Often when I speak with a client who has worked to exhaustion and arrived at burnout, we find a specific kind of inner critic at the root of the problem – the perfectionist.
While the liabilities of perfectionism as well as its constructive potential are well-researched, and I’ve written about them before, this roadblock comes up so frequently that it seems imperative to develop a viable alternative.
According to Richard Schwartz, founder of the Internal Family Systems method focused on dealing with inner critics, the perfectionist is a part of our self that seeks to protect us from judgment by imposing extremely high standards.
For example, if my presentation is perfect, then no one can call me lazy or incompetent, says the perfectionist. If my presentation falls even slightly below perfect, then humiliation, loss of reputation and respect will ensue … maybe even causing a downward spiral leading to the loss of my position. No wonder perfectionism causes stress!
One reason it is very difficult to overcome this type of inner critic is that it often lays claim to a stellar track record of academic and professional success. ‘Hey,’ says the perfectionist within, ‘I got you stellar scores on your annual review and I got you straight A’s all through grad school, and I helped you earn a reputation for excellence that led to your recent promotion. Are you sure you want to get rid of me?’
Of course the rational response to that is ‘Heck no, please stick around!’
Asking a high performer with a longstanding and successful inner perfectionist to get rid of this voice is like asking an olympic swimmer to get rid of their favorite stroke. As a coach I can say that does not look like a promising strategy.
So how can we keep the winning attributes of perfectionism – having high standards – while leaving behind the elements that lead to exhaustion and burnout?
In my experience there are two key elements of perfectionism that lead to exhaustion and burnout:
- Mean-spirited self-talk, disappointment and guilt when failing to reach an extreme and vague image of success
- Inability to rest or stop working because the unattainable goal remains out of reach
Both of these elements turn the admirable art of seeking high standards into a negative emotional experience. From this perspective, even when I do get a great performance review, I am not able to celebrate or feel content because I am focused on how I could have done even better, or I am already focused on the next unattainable goal.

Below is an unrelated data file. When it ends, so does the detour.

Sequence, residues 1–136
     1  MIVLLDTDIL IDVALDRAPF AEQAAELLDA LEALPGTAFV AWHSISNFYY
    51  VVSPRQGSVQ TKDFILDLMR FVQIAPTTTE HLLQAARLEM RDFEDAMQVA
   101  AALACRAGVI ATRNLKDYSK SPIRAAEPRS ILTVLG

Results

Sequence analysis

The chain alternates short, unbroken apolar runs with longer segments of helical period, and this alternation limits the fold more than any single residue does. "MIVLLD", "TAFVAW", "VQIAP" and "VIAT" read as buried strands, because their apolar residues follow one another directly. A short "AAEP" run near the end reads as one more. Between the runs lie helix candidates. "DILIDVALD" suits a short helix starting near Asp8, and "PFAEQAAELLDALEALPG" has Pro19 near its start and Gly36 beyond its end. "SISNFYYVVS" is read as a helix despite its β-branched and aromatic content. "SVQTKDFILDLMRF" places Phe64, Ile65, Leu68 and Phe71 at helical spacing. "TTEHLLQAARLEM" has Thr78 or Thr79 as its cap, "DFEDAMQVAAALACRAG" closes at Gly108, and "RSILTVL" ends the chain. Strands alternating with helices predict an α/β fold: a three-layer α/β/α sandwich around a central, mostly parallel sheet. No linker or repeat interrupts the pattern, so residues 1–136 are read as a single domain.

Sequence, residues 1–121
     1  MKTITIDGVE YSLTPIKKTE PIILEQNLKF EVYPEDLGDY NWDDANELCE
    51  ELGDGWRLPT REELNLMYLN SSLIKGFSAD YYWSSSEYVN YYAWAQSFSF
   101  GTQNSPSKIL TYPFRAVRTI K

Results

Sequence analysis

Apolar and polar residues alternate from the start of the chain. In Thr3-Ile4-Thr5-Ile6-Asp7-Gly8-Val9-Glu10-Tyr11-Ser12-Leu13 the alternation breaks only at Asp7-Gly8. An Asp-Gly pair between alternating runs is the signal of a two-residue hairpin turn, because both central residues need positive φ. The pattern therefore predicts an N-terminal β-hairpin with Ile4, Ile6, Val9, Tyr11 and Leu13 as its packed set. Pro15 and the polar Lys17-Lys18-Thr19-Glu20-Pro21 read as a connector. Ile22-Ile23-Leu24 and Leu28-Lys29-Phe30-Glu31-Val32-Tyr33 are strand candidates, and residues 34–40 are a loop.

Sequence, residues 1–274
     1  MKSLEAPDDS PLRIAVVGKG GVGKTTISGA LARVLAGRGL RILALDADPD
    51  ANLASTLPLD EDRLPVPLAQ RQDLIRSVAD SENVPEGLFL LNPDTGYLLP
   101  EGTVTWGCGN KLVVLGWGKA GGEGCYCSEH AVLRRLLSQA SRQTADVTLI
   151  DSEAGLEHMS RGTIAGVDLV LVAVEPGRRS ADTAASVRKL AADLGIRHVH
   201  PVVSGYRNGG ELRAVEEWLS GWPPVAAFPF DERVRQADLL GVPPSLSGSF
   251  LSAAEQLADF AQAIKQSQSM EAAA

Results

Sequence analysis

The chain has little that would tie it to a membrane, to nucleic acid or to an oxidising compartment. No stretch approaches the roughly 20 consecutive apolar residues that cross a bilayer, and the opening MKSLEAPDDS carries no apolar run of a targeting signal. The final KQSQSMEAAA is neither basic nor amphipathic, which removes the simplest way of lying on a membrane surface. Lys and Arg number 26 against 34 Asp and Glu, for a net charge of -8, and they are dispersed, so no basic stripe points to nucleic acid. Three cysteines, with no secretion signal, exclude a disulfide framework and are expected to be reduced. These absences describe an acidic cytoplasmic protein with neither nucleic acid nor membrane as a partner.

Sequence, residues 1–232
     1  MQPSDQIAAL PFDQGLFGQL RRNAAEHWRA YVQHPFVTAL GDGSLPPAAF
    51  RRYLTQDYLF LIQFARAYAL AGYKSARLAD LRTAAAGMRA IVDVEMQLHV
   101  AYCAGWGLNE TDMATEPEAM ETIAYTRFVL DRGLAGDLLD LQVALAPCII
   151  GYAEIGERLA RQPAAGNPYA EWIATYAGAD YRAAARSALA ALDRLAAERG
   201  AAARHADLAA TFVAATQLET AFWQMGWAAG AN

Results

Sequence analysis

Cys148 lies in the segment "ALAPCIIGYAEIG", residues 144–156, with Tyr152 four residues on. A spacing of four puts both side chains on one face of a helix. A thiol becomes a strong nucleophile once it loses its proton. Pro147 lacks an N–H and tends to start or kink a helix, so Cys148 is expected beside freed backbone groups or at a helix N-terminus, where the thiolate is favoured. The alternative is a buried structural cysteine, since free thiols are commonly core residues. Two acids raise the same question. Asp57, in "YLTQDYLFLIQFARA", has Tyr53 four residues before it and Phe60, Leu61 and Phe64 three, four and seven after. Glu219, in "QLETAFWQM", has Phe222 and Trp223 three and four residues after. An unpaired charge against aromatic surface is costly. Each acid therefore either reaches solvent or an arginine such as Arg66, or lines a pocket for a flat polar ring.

Have you ever gotten a great performance review and then found yourself feeling down and thinking, ‘But when will I ever get the promotion?’ It’s a vicious cycle and a sad place to be.
An effective way I have found to overcome the perfectionist disappointment cycle is to help clients set specific and attainable goals and develop an inner champion voice that cheers them on and helps them to celebrate success.
With this excellence approach, the probability of success is even higher because efforts are focused and positive emotion begins to overshadow disappointment and guilt. Going back to the swimmer analogy, this is like saying, ‘Keep doing your winning stroke, but lower your elbow so you aren’t tearing up your shoulder while you do it.’
3 steps to seeking excellence include:
- Is the desired outcome specific?
- Is the desired outcome attainable?
- Is self-talk positive and constructive?
One final element of the perfectionist that we want to salvage is the practice of dreaming up lofty and grandiose goals, like ‘become a CEO’ or ‘write a bestseller.’ We want to salvage the beauty and inspiration of grandiose vision, but avoid judging ourselves against it in an unfair way.
The excellentist knows that the path to greatness is made up of many small successes and many small celebrations and s/he masters the art of letting herself win many times along the way.
As Hans Selye, the scientist who coined the term ‘stress’ in 1936, wrote: “We should strive for excellence, for the best that we can do. Not for perfection – for that is almost always unattainable – and setting it as an aim can only lead to the distress of frustration” (Hans Selye, Stress Without Distress, (1974), 109).